MARQUETTE?- Marquette was just a small harbor village when Jonas Watson first saw it. He recalled,
"We were engaged by Mr. James Pendill, a Soo merchant to take a stock of dry goods to Marquette and open up a branch store. We embarked on the steamer 'Manhattan' and after 5 days of pushing through ice fields we reached Marquette."
In 1855 there were only about 1,000 inhabitants here and supplies were in scarce demand. Jonas Watson was an Irish immigrant who became one of Marquette's first prominent merchants. His first store Watson and Son was located on Superior Street (now Baraga Avenue) and sold everything from groceries and hardware to clothing and toys.
Jonas Watson and his daughter Caroline around 1870. (Marquette Regional History Center photo)
The Watson family prospered in business and family life. Jonas and Emily had 10 children, the youngest of whom was Caroline also known as Carrie. The mortality rate was high and only 5 of their children lived to adulthood. The family lived on Lake Street below the ridge and close to the harbor. Carrie was only 4 when a devastating fire consumed the entire downtown area in June 1868. She later recalled the event in a speech,
"I woke one morning to find that I had slept on a mattress on our parlor floor and those strangers, the Everetts and others were occupying my bed. The kitchen was filled with showcases from my father's store. My father standing in our front doorway lifted me to his shoulder and pointed toward charred buildings that were still smoking. 'Everything's gone," he said. But the town recovered from this smashing blow.
Jonas Watson traveled back to Ireland several times to visit his family who had depended on him to supply them with wheat and corn during the Potato Famine. He became ill on one trip and never fully recovered. He passed way in Marquette in 1875 at the age of 60.
Tragically, the family home burned down the next year, so Jonas' widow Emily decided to build on property that they owned up on Ridge Street. Architect Hampson Gregory designed and built the gothic style home at 219 E. Ridge which still stands today.
Next door, St. Paul's Episcopal Church was being constructed of local brownstone in a gothic style, complete with ornate stained glass windows. A small wooden one-story home was built just north of the church as a residence for the church sexton. In 1887 after the death of his oldest son Morgan, community leader Peter White built the Morgan Chapel on High Street. He wrote to the church vestry requesting that the small home be moved to a lot that he owned on Arch Street just around the corner. This was the first relocation of the cottage. In the early 1900s the Bishop of the Episcopal Church, G. Mott Williams made available to his daughter Rhoda and her friends, the cottage to play in. It had been vacant for many years and needed some upkeep including the removal of dandelions from the front lawn. Later, this true story of the girls and the cottage became the inspiration for Caroline Watson Rankin's book, "Dandelion Cottage."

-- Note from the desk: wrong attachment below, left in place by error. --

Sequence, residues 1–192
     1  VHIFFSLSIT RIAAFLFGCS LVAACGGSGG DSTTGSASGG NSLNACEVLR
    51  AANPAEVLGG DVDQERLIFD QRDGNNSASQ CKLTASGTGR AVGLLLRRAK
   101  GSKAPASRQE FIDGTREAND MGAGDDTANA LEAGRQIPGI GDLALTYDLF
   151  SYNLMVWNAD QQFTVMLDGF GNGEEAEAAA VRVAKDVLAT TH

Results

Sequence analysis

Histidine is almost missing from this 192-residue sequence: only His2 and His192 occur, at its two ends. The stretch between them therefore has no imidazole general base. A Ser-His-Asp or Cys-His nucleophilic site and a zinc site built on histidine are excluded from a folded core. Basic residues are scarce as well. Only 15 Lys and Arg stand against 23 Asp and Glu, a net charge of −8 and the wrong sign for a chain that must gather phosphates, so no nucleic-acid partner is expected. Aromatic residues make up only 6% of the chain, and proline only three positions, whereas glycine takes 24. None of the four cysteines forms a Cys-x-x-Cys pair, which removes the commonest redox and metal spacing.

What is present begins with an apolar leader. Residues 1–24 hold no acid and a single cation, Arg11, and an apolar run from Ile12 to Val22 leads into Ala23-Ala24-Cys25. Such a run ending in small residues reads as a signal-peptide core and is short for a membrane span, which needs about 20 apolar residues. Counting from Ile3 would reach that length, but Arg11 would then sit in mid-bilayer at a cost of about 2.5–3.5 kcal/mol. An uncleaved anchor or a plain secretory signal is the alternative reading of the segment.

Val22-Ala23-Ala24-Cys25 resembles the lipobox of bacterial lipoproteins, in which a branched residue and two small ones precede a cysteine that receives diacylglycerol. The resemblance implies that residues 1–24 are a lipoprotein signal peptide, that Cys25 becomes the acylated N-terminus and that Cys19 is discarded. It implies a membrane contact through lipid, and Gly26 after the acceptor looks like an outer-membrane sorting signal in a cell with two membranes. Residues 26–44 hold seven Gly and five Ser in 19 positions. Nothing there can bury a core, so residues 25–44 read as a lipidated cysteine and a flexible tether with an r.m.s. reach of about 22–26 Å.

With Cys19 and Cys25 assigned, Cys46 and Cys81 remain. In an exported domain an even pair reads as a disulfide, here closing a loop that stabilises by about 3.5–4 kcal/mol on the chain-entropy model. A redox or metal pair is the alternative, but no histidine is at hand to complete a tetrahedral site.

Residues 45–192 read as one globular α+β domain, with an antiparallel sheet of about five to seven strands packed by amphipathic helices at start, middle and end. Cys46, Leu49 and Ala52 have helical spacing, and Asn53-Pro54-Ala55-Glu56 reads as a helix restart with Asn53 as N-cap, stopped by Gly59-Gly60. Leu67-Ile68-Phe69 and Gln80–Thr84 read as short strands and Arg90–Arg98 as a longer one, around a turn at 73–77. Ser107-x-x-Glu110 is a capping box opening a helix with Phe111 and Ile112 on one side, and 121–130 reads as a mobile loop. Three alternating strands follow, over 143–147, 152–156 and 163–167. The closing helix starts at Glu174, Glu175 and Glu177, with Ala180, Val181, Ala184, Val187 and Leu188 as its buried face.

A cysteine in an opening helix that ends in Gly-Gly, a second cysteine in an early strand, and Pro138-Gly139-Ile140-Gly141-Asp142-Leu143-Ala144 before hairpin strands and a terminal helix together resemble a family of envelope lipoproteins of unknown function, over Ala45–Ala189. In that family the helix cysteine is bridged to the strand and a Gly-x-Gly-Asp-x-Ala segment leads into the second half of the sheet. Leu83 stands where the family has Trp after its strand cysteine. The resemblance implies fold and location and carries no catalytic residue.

Ernest Rankin of Detroit came to Marquette as an employee of the passenger department of the Detroit, Mackinaw and Marquette Railway. He was introduced to Carrie Watson and after a short courtship they married in 1886. The Rankins had four children, Florence, Ernest, Eleanor, and Phyllis. Caroline continued to write children's articles based on humorous family events.
Ernest accepted a job with the New York Central Railway and was traveling away from Marquette for several decades. Carrie supported the family by selling her stories. In 1904, Henry Holt and Company published "Dandelion Cottage." In her career Carroll Watson Rankin wrote 10 children's novels and hundreds of articles. She became Marquette's most famous 20th Century author. "Dandelion Cottage" is still published today by the Marquette Regional History Center.
The History Center will be hosting two Dandelion Cottage Walking Tours on Wednesday at 2 p.m. and Thursday at 7 p.m. beginning at the parking lot of St. Paul's Episcopal Church, corner of Ridge and High Street. Museum guides will tell the stories of the Watson and Rankin families, the novel, the Dandelion Cottage, other homes in the historic district and will conclude with a special appearance of the novel's "Mr. Black" (Peter White). The tour will end at the carriage house of Peter White on Ridge Street with lemonade being served by his descendents. A $5 donation is suggested for programming costs.
For a listing of other special Dandelion Cottage Month events in June contact Peter White Library or the Marquette Regional History Center at 226-3571
EDITOR'S?NOTE:?Rosemary Michelin is the librarian at the John M. Longyear Research Library in the Marquette Regional History Center.